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Hinz says he didn't expect to change the senator's mind, only to remind him of strong opposition to the measure in the state.
McCain was blunt, Hinz recalls. The John McCain with whom Hinz says he spoke is not the John McCain the Washington press coos over, the campaign-finance-reform maverick disgusted with special interests' control over our lives.
Hinz doesn't recall the exact wording of the conversation, so the following is paraphrased.
Hinz says he told McCain, "'What we're hoping is that there's any way that you cannot hear this bill [in committee].'
"And his response to me was that, 'You know this is a bill that the trial lawyers don't like.' And he said, 'I can tell you that . . . the trial lawyer money goes to the Kennedys and the Democrats, and not to the Republicans.' And there is no way that he [McCain] is going to fight [Republican] leadership on a bill that all the money is going to the Democrats."
". . . I wasn't shocked by the response," Hinz says. "He was instructed by leadership that he would hear this bill and the constituents be damned. John's attitude, you have to remember, as a senator is that he does not necessarily represent Arizona, he represents the national interest. And he indicated that to me. He feels that this is good for the nation. So the 85-15 vote in Arizona really had no bearing on it."
Hinz adds, "I made the phone call to alert him that it [Auto Choice] could be a little politically sensitive in Arizona, because it has been so heavily defeated. And yes, the trial lawyers in Washington [oppose Auto Choice], but when something passed 85-15 in Arizona, a few Republicans voted for it! And that was primarily my message to him: 'John, the grassroots Republicans don't like this bill. It's an insurance company bill and it's Armey's bill,' and that's when he said, 'It's a leadership bill. I'm not going to buck leadership.'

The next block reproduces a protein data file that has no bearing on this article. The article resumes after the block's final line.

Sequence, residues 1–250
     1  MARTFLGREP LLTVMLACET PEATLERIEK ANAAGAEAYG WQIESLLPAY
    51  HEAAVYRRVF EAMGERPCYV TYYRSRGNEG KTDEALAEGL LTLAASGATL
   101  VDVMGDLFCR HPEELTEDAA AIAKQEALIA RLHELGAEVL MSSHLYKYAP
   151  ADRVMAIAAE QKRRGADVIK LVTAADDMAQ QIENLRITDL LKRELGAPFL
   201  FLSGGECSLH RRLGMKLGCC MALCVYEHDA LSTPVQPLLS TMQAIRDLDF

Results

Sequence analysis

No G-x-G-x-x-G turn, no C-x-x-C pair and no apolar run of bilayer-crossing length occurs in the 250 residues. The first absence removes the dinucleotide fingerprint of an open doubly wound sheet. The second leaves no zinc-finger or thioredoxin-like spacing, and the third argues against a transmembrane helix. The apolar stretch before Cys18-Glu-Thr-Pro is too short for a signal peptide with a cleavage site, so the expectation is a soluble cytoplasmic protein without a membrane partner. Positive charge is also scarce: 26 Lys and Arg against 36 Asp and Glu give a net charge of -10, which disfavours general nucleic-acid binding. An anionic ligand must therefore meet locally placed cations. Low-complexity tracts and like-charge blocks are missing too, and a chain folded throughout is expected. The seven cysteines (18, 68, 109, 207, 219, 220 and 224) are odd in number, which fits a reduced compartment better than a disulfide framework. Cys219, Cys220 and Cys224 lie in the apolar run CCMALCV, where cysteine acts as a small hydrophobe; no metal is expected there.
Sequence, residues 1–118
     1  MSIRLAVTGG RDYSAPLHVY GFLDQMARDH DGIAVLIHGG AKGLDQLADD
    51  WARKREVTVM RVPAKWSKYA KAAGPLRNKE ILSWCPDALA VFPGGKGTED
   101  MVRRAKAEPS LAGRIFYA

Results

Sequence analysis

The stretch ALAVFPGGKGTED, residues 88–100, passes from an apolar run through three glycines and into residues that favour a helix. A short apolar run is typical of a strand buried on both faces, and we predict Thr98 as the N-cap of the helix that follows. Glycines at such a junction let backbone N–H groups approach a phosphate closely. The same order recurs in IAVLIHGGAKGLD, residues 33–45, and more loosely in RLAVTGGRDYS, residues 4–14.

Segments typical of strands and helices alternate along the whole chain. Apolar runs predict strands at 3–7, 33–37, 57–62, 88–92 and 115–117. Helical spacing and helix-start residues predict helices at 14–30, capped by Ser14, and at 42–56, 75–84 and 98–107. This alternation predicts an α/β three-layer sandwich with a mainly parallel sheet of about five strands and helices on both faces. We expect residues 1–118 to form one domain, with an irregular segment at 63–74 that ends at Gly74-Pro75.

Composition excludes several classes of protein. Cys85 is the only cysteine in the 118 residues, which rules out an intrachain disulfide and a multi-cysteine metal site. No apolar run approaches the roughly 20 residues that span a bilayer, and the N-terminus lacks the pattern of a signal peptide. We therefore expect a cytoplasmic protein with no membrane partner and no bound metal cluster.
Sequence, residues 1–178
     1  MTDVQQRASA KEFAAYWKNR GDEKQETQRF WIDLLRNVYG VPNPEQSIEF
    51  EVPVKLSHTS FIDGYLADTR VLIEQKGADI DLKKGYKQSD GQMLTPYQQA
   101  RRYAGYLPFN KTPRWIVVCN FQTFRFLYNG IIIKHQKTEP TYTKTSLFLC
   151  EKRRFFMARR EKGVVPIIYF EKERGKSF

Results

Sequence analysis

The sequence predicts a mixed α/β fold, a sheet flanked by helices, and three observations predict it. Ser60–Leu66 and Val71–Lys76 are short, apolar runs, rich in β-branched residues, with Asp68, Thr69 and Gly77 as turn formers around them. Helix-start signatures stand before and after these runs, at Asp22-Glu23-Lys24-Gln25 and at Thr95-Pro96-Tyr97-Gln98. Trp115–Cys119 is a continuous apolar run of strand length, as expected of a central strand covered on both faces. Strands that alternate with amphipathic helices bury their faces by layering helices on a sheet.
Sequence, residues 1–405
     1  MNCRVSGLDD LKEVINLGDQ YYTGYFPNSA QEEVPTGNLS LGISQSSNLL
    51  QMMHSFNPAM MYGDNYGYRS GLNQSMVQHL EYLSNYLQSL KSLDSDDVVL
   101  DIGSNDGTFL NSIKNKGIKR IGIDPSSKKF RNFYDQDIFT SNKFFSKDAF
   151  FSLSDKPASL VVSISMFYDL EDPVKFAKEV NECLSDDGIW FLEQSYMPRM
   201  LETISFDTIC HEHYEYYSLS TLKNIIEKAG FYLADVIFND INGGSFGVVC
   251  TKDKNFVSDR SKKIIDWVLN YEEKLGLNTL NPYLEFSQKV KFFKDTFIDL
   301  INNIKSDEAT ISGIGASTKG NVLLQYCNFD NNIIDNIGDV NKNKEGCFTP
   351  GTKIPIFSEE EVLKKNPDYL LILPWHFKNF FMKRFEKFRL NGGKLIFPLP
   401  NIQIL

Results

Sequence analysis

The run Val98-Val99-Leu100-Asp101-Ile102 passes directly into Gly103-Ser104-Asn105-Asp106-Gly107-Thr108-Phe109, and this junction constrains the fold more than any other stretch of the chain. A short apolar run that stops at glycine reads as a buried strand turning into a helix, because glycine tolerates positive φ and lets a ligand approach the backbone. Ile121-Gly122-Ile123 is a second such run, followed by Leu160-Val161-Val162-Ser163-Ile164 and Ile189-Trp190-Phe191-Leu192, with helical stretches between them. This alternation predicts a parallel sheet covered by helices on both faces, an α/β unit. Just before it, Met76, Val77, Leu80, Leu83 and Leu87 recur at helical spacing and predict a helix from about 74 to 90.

"John isn't stupid, okay? The word was that when you look at the Republicans and the war chests and the monies that are given to support those efforts, that money does not go to those Republicans. And I reminded him that in Arizona the trial lawyers support several Republicans."
The conversation ended cordially, but with no agreement. "He wasn't gonna convince me and I wasn't gonna convince him," Hinz says.
Hinz has his own theory on McCain's agreement to co-sponsor the bill. One of the bill's biggest fans is Senator Mitch McConnell, Republican of Kentucky, who also happens to be a vehement opponent of McCain's campaign-finance legislation. Hinz thinks this was McCain's way of appeasing leadership.
"I think when you've been to the woodshed too often and then you have a very popular Republican program, I think he owed them one," Hinz says. "And unfortunately, he owed them one that the people of Arizona hate."
He adds, "You're a maverick when it's to your advantage and the cameras are rolling."
I called McCain, but he couldn't come to the phone. Instead, I received a call from Mark Buse, staff director of the Senate Commerce Committee. Yes, Buse says, McCain had a brief conversation with Hinz. But the senator doesn't recall specifics. Buse says the senator is a big supporter of tort reform--not just in this instance, but many others.
"As far as the comment about the money," Buse says, "he's made it very clear, and he states this publicly, as he stated it publicly just recently on Good Morning--no, on the Today show, that because of the huge amounts of money given to both sides that many bills don't become law and that much good legislation does not occur."
Buse insists--repeatedly--that McCain never made the comments about not wanting to buck leadership.